Talking Georgia Bulldogs basketball, then and now, can be frustrating for fans, as it pretty much comes down to an all-too-brief heyday during the Hugh Durham-Tubby Smith era, followed by much wandering in the wilderness and the occasional flash of hope.
The contrasts were highlighted again this week when Durham and his most legendary player, “Human Highlight Film” and NBA legend Dominique Wilkins, both were elected into the National Collegiate Basketball Hall of Fame on the heels of a season that saw a Georgia team widely expected in the preseason to make the NCAA tournament instead settling for getting eliminated in the second round of the lesser NIT.
Durham is Georgia basketball’s winningest coach, leading the Bulldogs to 297 victories and the Final Four in the program’s first-ever NCAA Tournament appearance in 1983.
Naturally, he is still beloved by the hardcore basketball fans in the Bulldog Nation; I got a kick out of a reunion of past teams at a game in Athens this season when Durham was introduced and many in the crowd bellowed an extended “Huuuuuuuugh!” just like we used to do back when he was the coach.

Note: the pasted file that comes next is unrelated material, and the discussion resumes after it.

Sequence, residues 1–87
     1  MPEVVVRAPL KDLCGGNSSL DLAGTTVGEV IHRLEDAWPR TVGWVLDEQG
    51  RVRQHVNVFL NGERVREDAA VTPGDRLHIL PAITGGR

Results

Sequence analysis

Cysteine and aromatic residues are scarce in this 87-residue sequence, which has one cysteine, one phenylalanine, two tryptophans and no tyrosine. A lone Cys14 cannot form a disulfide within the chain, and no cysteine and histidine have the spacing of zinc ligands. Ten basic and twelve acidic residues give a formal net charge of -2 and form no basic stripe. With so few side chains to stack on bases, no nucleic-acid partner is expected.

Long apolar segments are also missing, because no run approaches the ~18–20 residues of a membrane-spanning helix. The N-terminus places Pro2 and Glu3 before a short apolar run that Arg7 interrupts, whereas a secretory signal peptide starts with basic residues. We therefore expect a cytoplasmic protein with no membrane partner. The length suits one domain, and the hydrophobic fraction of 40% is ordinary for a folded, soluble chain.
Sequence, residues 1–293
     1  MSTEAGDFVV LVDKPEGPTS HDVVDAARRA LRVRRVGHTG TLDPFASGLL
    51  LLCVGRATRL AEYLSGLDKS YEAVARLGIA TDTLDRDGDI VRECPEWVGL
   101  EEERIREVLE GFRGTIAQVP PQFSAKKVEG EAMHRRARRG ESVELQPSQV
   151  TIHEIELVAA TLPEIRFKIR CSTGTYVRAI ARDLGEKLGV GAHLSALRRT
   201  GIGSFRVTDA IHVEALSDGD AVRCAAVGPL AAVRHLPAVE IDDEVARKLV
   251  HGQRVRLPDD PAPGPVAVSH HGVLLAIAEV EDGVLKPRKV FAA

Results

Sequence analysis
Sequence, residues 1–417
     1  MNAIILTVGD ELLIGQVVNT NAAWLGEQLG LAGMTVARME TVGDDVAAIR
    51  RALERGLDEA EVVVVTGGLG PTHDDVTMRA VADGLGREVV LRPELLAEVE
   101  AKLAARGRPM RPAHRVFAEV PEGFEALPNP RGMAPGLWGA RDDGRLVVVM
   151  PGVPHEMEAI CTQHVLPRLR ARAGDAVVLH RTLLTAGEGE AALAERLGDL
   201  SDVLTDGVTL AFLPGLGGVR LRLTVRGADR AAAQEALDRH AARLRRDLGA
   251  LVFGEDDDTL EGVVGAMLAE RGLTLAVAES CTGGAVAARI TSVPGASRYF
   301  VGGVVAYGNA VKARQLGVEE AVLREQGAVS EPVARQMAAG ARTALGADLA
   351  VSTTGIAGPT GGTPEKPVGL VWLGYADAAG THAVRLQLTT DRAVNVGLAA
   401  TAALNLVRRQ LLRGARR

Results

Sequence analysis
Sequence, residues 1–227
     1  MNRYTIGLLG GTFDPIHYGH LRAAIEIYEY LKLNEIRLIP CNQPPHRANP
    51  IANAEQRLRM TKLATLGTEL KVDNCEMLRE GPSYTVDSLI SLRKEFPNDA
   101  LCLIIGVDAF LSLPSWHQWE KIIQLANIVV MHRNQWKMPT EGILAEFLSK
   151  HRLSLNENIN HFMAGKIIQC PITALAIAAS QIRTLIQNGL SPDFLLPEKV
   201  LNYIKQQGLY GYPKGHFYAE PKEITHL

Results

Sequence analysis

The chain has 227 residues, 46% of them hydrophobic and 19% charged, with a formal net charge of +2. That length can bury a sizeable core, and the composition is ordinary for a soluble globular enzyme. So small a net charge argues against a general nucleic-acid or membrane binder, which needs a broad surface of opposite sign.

Durham was named SEC Coach of the Year three times — 1985 (coaches), 1987 (AP) and 1990 (consensus) — and led the Bulldogs to both their first SEC Tournament title in 1983 and their first SEC Championship in 1990.
His tenure in Athens was really the first time Bulldogs basketball mattered. Prior to his arrival, Georgia had never received a postseason bid of any kind. The Dawgs reached postseason play 11 times during his 17 seasons, reaching the semifinals of the 1982 NIT in addition to that Final Four appearance.
That’s a pretty stunning turnaround.
Eventually, the program under Durham cooled off in the early 1990s and Hugh sort of did himself in by scheduling a fairly weak nonconference slate his last couple of years. His last team had a decent record (18-10) but wasn’t even a bubble team for the Big Dance because of the schedule.